B. Open space filling textures: Open space filling is common at shallow depths where brittle rocks deform by fracturing rather than by plastic flow. At these shallow depths, ore bearing fluids may circulate freely within fractures, depositing ore and gangue minerals when sudden or abrupt changes in P and/or T take place. As such, open space filling textures will be different from those resulting from replacement, and a set of criteria may be used to identify this process. Nevertheless, many hydrothermal ore deposits form by the combined effects of replacement and open space filling, which requires a lot of caution in textural interpretation.

Criteria for identifying open space filling processes:

1. Presence of many vugs and cavities 2. Coarsening of minerals from the walls of a vein to its centre 3. Comb structure: Euhedral prismatic crystals growing from opposite sides of a fissure symmetrically towards its centre develop an interdigitated vuggy zone similar in appearance to that of the teeth of a comb. 4. Crustification: Crustification results from a change in composition and/or physicochemical


conditions of the hydrothermal solution, and is represented by layers of different mineralogies one on top of the other.

5. Symmetrical banding 6. Matching walls: If an open fissure has been filled without replacement, the outlines of opposite walls should match. 7. Cockade structure: Mineralization within the open spaces of a breccia or any other fragmental rock will commonly produce a special pattern of symmetrical banding and crustification where each opening acts as a centre for sequential deposition. 8. Offset oblique structures In addition to replacement and open space filing textures, very low temperature hydrothermal deposits (epithermal and telethermal deposits) are often characterized by colloform habits and banding described in the following section.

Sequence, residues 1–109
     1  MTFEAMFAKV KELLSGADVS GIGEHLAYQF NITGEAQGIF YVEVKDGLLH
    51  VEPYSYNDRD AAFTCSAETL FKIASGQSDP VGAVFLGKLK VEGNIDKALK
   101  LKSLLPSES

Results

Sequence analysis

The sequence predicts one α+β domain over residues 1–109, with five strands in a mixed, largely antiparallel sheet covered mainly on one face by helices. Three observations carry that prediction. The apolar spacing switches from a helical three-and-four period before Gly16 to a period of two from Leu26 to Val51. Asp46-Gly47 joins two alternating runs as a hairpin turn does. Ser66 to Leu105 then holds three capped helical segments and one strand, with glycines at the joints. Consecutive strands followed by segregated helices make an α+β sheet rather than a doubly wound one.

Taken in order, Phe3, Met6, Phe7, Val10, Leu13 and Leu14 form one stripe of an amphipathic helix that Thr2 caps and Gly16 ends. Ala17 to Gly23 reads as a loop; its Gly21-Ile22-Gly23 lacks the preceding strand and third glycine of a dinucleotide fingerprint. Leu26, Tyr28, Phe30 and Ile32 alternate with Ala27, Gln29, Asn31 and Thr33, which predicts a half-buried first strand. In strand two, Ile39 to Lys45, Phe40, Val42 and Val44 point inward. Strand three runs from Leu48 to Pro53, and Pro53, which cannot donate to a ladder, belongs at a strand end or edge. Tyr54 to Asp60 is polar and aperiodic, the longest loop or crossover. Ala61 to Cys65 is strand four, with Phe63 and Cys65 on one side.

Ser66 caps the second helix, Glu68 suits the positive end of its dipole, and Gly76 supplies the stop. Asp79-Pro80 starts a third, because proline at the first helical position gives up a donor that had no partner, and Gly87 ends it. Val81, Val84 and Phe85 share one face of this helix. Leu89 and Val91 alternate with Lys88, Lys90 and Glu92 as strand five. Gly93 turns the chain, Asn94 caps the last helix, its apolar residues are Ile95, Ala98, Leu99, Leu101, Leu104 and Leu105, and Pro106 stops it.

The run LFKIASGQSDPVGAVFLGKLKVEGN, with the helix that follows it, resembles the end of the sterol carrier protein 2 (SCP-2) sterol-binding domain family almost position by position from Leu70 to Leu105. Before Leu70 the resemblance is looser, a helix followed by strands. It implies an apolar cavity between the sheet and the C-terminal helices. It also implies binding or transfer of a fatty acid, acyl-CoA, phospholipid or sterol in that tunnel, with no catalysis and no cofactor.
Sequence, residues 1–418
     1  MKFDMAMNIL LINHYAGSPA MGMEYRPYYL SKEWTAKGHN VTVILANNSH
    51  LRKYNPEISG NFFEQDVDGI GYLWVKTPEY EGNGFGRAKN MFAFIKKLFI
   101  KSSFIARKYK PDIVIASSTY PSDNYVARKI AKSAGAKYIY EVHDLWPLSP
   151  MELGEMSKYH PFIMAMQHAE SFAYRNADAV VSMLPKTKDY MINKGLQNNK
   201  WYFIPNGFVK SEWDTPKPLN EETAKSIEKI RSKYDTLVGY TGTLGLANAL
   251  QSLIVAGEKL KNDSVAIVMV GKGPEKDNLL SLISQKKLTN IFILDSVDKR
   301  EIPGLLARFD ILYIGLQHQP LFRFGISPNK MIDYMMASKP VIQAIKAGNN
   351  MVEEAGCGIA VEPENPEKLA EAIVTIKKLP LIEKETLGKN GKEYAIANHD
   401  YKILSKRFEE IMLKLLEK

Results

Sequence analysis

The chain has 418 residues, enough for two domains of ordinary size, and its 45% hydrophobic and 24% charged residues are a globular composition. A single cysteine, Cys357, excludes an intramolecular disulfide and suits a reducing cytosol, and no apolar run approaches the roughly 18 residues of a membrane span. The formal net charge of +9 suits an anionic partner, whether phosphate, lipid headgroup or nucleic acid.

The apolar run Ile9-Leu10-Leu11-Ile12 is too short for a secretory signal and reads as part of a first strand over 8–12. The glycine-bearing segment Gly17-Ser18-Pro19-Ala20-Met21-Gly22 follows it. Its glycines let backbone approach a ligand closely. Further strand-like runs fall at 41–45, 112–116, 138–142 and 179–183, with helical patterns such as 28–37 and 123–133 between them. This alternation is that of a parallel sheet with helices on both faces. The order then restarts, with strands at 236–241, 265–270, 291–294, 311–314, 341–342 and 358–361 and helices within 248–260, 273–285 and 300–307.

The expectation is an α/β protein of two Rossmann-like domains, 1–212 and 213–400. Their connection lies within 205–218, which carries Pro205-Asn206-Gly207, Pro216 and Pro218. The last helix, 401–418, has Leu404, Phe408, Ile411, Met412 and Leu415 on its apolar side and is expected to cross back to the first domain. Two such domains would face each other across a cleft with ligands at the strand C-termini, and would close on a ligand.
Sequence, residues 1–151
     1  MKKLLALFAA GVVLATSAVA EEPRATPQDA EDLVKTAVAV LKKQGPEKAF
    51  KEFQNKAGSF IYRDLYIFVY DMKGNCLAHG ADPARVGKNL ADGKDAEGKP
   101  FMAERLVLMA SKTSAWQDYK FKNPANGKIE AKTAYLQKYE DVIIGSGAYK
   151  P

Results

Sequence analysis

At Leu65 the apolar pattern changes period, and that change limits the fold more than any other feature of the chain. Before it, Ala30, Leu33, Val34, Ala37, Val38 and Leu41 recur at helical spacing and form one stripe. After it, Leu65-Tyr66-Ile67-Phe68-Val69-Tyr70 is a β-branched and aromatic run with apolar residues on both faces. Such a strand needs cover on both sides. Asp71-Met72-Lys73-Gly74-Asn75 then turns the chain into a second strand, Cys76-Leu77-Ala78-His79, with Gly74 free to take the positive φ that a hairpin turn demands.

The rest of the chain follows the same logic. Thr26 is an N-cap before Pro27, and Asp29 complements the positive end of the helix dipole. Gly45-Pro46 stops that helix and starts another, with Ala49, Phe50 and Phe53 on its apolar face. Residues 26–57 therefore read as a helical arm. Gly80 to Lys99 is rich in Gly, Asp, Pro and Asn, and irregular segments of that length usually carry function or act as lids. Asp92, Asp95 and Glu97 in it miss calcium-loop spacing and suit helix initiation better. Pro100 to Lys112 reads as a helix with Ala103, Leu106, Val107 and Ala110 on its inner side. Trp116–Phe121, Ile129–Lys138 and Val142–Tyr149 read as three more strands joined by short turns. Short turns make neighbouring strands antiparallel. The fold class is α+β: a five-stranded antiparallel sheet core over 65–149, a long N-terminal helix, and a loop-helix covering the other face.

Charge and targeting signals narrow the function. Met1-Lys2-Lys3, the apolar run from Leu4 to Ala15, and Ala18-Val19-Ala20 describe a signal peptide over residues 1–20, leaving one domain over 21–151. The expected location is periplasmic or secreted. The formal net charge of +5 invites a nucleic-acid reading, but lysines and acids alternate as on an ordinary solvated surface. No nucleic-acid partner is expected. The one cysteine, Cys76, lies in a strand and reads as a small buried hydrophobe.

III. Textures characteristic of surfacial or near surface environments and processes:

Under surfacial conditions, ore minerals may be deposited from colloidal solutions. A colloid is defined as a system consisting of two phases, one diffused in the other. Colloidal particles range in size between ions in a true solution and particles that are < 10-3 cm in a coarse suspension. The colloidal material may be solid, liquid or gas dispersed in another solid, liquid or gas. Colloidal solutions believed to be responsible for the formation of ore deposits usually consist of solids dispersed in liquids and are called "sols". In such sols, colloidal particles commonly adsorb either cations or anions, and thus acquire similar charges which cause them to repel each other, preventing them from coagulation. If an electrolyte is added to such a sol, the colloidal particles are neutralized and flocculate giving rise to a variety of textures which include: a) Botryoidal or reniform aggregates b) Banding or very fine layering c) Leisegang rings